The TSX is the worst-performing of the 3 stock indexes over the last year which may make it slightly less risky to go along with its tax advantage. However it’s still an undiversified market so I don’t want to be overexposed to it. As a classic commodity-heavy market it may be held down a bit by the fears of global or continental recessions.
The S&P 500 has had a good year. It’s pushing into higher valuations again which is a bit of a concern since there are some indications that corporate profit levels aren’t sustainable unless the economy really comes back fast. The stock market often moves before the economy so that may be what’s happening. The government manipulation is also a potential negative since it may be increasing the current valuation of the market. Considering that it was in the 1400s 5 years ago, the economy may have come along enough to really push higher this time. The US stock market remains one of the most diversified and active markets in the world so it gets a little extra weighting for that.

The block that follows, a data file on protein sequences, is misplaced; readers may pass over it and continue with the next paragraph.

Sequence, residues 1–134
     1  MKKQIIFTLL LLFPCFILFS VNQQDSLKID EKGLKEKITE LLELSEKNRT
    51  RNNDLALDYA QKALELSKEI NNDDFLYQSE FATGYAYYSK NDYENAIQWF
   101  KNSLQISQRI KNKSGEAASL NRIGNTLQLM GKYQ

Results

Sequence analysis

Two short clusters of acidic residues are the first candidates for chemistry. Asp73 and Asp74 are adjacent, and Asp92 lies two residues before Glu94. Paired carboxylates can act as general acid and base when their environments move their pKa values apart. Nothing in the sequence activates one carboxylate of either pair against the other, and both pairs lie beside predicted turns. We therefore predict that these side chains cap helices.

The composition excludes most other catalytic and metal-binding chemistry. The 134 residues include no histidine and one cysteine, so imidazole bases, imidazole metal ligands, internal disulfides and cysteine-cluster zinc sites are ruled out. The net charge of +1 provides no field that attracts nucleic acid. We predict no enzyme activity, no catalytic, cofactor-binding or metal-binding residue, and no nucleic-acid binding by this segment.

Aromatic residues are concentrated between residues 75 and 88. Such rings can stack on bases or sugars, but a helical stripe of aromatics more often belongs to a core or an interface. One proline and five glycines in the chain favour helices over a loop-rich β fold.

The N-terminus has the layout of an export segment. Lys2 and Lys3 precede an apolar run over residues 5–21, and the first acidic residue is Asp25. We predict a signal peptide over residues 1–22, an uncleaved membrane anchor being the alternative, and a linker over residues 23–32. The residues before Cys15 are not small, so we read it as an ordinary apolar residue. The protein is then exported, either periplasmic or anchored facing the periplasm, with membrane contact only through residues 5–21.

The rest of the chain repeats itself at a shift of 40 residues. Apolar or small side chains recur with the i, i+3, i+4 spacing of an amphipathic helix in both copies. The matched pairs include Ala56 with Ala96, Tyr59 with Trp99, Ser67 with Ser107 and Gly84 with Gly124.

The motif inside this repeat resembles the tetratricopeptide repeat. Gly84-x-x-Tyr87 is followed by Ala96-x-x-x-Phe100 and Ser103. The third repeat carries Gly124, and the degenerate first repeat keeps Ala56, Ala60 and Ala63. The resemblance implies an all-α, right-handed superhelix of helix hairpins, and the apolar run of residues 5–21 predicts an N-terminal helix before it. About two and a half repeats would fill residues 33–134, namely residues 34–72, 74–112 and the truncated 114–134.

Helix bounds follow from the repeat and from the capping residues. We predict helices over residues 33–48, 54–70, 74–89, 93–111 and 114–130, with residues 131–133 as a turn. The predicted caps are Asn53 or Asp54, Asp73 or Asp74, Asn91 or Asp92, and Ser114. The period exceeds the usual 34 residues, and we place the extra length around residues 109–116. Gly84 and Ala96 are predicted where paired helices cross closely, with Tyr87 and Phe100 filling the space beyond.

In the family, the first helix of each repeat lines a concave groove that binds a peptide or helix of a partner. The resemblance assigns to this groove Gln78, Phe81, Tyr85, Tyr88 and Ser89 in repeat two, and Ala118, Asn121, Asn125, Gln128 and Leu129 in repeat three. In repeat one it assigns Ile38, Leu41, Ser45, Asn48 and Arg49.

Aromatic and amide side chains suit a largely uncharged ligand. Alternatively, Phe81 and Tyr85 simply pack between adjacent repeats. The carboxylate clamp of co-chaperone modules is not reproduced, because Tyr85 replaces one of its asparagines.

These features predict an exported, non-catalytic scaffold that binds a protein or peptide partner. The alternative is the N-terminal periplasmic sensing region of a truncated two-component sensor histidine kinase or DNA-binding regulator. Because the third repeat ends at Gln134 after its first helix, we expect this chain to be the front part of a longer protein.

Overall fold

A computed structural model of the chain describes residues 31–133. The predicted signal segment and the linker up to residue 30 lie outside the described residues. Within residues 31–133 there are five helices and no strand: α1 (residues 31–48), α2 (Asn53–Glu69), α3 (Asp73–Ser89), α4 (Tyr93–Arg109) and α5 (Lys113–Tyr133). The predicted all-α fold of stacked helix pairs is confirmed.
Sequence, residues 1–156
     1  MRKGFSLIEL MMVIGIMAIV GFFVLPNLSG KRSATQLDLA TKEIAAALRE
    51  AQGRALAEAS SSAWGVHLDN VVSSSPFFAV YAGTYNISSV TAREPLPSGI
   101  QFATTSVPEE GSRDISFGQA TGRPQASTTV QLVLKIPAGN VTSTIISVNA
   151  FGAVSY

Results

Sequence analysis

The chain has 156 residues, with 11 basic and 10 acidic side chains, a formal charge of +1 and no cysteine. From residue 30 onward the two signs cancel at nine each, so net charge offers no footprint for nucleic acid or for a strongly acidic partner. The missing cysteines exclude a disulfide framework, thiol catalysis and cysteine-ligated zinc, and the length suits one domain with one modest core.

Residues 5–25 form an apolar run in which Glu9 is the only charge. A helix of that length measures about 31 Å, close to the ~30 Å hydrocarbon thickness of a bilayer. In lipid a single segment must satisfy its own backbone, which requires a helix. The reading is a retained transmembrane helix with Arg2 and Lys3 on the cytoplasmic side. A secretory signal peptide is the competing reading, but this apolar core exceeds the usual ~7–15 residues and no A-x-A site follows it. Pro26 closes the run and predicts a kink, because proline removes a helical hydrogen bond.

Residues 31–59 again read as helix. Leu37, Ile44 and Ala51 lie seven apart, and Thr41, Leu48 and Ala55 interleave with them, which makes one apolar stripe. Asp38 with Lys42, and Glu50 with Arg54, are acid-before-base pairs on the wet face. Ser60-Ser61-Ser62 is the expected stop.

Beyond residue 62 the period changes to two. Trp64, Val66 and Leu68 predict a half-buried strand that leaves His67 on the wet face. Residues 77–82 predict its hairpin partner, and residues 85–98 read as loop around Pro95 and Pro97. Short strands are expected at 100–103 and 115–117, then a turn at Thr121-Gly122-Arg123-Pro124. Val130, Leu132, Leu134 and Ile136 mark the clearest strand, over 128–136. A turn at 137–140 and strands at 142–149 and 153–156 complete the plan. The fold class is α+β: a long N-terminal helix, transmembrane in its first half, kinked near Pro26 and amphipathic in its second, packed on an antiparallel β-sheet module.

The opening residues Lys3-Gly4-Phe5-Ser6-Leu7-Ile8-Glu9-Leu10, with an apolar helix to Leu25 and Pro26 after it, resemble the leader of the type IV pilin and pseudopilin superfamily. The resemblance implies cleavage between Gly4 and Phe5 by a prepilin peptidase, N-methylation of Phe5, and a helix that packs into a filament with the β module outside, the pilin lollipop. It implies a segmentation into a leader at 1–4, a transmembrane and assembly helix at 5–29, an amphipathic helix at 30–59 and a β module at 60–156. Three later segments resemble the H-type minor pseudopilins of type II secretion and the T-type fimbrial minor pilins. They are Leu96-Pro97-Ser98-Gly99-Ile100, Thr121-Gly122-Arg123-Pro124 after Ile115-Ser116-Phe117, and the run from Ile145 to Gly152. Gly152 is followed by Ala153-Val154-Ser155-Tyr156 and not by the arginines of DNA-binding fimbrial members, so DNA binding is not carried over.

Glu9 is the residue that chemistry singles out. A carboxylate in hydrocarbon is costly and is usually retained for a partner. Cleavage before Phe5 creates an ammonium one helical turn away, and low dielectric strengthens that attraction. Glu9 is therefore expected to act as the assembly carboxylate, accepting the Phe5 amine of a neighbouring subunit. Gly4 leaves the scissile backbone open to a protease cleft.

The EAFE has unfortunately done the best of the 3 markets. I was hoping bad news would drag it down for a bit longer to give us more buying opportunities but it seems that the bad news is running out. Assuming the EU manages to turn their short-term crisis into a long-term dull pain more investors might come back to the market.
On the other hand the valuation shows that many investors may have already seen through the theatrics (which are almost as good as those in the US) and realized that nothing resembling an open disagreement will ever happen in European politics (we obsequious Canadians ain’t seen nothin’ yet). Or they’ve just seen so much repetitive news that they don’t pay attention to the latest updates and assume everything is really ok. Either way once news starts coming out that reports an “all-clear” in Europe the prices may still have room to move up. I’m still attracted to the EAFE index due to the overwhelming negative opinion in recent times.
Preparing For The Future
Overall I want to be positioned on the right side for rising interest rates, increasing inflation, and surprisingly good economic growth. It seems like a lot of people aren’t expecting much and are still scared of stocks and avoiding them. Of course if we get back to the market participation levels of the 90s and early 2000s stocks could get overvalued again. If things play out well bond yields will have risen nicely by then to let us lock in profits in something that pays actual cash. As always, I’m an optimist!
We’re increasing our monthly investment amount by 25% next month so I’ve adjusted those flows to gradually bring us to the new targets. The differences aren’t big enough to sell anything at the moment.